“The outcome likely would have been different if the impacted residents and local governments had the opportunity to provide their perspective and support of the science and data,” Kuhn says.
Arvada angler Reid Baker fishes in segment 15, the stretch of the South Platte that is currently use-protected.
In the 2022 state legislative session
, Representative Adrienne Benavidez sponsored a bill
that aimed to prevent something like the 2020 decision from happening again, requiring that the WQCC conduct more community outreach and follow its own rules when it comes to use-protected designations; it also extended the statute of limitations for water-quality violations from one year to five.
The criteria the WQCC is now required to use to determine the status of a river or stream is called the twelve-parameter test. A river can be designated as use protected if measures of three or more of twelve listed pollutants do not meet minimum water-quality standards. According to Whiting, E. coli is the only pollutant in the section of the South Platte in question that has not met the standard.
The commission can also apply the substantial pollution test.
“Say E. coli exceeds standards; the commission could theoretically find that is enough to cause substantial pollution,” explains Whiting. However, it must find that the substantial pollution is natural or irreversible to qualify for use-protected status, neither of which is true for E. coli in the South Platte.
“There's no river beyond repair, in my perspective,” Kuhn adds, pointing to recent improvements in the water quality of the South Platte as an example.
Even if the commission finds the river meets one of the two standards for downgrading, the community argues that it should be designated as special to the area and regain the anti-degradation protections.
“From a community recreation standpoint, it’s a special place,” Whiting says. “It's one of the few places in such a highly urban area where people can go and kids can go. You can't go on and protect all these beautiful mountain streams and not give the same level of protection to these urban corridors. It’s not okay.”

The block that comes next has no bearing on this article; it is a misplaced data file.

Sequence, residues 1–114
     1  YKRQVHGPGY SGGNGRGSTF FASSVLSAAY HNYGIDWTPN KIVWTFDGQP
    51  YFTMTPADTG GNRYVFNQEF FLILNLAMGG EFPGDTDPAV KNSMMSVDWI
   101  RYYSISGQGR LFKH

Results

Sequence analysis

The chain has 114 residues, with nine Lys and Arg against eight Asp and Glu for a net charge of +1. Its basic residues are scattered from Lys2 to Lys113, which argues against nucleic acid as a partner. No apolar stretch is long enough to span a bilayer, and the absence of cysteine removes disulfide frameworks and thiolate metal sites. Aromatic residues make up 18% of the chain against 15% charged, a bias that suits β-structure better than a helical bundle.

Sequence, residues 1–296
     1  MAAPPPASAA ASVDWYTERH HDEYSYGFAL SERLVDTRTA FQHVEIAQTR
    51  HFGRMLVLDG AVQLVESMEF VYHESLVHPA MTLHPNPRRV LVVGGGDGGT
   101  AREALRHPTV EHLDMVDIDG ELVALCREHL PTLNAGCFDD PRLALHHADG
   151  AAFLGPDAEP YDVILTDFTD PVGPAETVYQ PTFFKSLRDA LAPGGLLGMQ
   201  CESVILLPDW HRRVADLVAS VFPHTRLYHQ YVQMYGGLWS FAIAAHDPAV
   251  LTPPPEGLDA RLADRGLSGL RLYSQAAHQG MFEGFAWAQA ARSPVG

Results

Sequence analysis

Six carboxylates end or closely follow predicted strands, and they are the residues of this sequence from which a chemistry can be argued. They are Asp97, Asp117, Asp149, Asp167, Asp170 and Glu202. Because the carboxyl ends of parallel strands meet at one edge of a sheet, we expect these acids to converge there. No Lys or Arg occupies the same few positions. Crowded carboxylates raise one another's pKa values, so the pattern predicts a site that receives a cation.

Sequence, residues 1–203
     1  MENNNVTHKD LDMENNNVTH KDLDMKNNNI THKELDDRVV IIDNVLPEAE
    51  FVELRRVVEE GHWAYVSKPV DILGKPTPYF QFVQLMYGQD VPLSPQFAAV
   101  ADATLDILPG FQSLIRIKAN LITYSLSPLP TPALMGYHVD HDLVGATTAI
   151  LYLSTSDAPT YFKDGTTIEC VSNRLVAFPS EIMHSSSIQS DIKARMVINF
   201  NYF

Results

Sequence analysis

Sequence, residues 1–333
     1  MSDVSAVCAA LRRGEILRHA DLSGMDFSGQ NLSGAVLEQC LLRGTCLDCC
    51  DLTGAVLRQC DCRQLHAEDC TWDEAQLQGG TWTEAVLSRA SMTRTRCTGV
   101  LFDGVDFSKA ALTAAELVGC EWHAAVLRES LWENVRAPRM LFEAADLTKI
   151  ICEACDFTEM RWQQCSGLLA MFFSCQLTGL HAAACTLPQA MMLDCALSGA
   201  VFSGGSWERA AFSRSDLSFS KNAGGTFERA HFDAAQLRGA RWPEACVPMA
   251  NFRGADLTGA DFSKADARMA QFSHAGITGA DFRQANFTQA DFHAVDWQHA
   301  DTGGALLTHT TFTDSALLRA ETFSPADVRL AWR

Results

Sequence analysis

Rice has seen more members of the community use the river over the years, and has never lost his own excitement for fishing the South Platte. Through Denver Trout Unlimited, he's also contributed to cleaning it up.
“If you look at the river physically, over the last fifteen years, it's a much, much improved river, in my opinion,” he says. “I would say one of the biggest things is just large debris below the waterline. Over the years, when those cleanups happened and that large debris is getting consistently taken out of the water, that's one of the biggest things that visually I would say that you can see. And that's real, grassroots efforts.”
Now those efforts are focused on guaranteeing legal protection for the river.
“It's going to show the rest of the people of Colorado that this is a tool that they have, that they can exercise for environmental justice,” says Ean Thomas Tafoya
, Colorado director of GreenLatinos, whose mother’s house is in close proximity to the South Platte. “Our coalition's getting bigger and stronger. We have the public health experts. We have the technical experts. We have the attorneys and we have the community voices — and when those are all together, that's a powerful force.”
Those voices will be out in force at the September 12 meeting
; those who want to give public comment must sign up in advance
“Having a river like the South Platte that runs through a metropolitan area, especially a growing metropolitan area like Denver, it's a jewel,” Rice concludes. “Everyone should be able to enjoy a waterway that goes through their city, and just because it's an urban waterway doesn't mean that it shouldn't be valued.”